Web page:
Explaining Cable Legislation

By: Beth Shayne
By: Beth Shayne

The bill is being debated by a state senate committee, where opponents are trying to convince senators it's a bad idea for consumers.

It was already passed in the state House.

The bill would allow telephone companies to negotiate contracts with the state to offer IP cable service over phone lines, rather than negotiate with each municipality individually.

Cities argue it means less oversight and fewer or no public access channels. Municipalities could also lose the franchise fees they negotiate with cable companies.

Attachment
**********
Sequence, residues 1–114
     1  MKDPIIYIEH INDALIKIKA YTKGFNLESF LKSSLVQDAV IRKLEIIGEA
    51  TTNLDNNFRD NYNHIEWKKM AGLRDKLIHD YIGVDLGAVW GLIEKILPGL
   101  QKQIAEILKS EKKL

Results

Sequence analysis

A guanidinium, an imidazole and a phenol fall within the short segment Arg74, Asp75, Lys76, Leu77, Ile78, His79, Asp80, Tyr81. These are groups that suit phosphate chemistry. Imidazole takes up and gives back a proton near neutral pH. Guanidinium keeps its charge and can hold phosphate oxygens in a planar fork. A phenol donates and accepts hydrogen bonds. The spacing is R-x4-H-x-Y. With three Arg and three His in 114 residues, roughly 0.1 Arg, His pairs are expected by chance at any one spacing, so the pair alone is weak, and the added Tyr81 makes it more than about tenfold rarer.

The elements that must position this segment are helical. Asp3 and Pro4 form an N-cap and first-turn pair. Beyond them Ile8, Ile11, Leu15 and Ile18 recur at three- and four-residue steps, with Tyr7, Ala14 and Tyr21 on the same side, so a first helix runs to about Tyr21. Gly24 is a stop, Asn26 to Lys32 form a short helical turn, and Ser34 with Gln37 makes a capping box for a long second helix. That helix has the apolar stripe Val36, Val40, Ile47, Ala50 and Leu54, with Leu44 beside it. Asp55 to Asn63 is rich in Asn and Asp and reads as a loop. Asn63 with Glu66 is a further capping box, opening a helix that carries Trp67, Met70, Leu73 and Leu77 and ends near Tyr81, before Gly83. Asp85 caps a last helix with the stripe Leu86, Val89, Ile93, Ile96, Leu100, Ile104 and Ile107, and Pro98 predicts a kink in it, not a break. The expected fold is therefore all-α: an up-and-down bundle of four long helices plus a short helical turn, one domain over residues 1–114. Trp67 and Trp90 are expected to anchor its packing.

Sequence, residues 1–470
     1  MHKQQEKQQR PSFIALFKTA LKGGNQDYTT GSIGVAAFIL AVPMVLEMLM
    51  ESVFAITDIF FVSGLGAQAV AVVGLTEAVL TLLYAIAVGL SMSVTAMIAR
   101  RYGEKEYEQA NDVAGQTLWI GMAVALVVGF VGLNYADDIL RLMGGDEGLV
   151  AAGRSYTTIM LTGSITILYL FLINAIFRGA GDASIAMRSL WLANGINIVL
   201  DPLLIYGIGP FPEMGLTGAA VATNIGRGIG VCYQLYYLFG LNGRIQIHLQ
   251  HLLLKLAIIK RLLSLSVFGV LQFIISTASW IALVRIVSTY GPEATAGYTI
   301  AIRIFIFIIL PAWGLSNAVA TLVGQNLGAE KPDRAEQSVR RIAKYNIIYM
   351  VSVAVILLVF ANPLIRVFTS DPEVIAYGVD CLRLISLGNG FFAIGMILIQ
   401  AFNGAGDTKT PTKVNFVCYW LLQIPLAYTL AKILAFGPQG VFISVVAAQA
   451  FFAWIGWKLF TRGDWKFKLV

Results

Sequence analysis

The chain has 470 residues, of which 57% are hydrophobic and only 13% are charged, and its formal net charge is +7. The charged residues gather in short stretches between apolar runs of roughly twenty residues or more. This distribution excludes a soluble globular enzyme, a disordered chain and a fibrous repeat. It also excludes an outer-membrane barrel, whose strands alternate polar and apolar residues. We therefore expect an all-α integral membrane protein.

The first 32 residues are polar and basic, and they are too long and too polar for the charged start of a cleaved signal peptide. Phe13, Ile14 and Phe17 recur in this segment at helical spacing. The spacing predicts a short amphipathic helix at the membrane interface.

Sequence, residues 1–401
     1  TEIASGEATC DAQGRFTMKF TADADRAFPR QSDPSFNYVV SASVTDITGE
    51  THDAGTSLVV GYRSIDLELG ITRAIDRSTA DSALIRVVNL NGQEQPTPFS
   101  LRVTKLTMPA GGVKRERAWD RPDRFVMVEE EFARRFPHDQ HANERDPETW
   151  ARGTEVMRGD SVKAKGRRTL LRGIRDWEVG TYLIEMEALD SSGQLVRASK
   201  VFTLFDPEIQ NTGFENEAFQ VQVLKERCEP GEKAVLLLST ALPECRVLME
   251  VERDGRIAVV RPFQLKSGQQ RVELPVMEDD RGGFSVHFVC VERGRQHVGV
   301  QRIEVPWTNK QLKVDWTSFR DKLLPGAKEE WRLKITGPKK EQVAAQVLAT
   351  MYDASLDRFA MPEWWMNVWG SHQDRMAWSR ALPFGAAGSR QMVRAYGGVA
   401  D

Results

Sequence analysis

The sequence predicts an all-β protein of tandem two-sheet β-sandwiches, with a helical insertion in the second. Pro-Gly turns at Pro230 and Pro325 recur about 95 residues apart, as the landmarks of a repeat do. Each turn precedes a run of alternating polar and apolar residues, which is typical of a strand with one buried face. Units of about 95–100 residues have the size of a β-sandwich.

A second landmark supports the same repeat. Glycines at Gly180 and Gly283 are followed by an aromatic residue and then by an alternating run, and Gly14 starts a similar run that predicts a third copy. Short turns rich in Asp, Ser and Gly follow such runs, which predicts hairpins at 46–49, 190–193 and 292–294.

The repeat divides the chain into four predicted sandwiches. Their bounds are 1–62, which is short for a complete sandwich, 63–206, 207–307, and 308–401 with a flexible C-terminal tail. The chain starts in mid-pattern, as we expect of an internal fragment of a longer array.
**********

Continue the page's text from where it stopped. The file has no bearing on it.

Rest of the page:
Currently, cable is only provided by standard cable companies--by running cable lines under ground--or by satellite. Municipalities think telephone companies should have to negotiate since they also run service through lines.

The cable companies argue that would take too long, and competition would benefit customers by reducing rates.

MSU Professor of Telecommunications, Steve Wildman, cautions that rates may or may not change. There are, he says, still inherent costs to programming.

It's also not clear how quickly IP service might be available. AT&T pledged Thursday to add 2,000 jobs and invest $620 million dollars in Michigan to bring it as quickly as possible.


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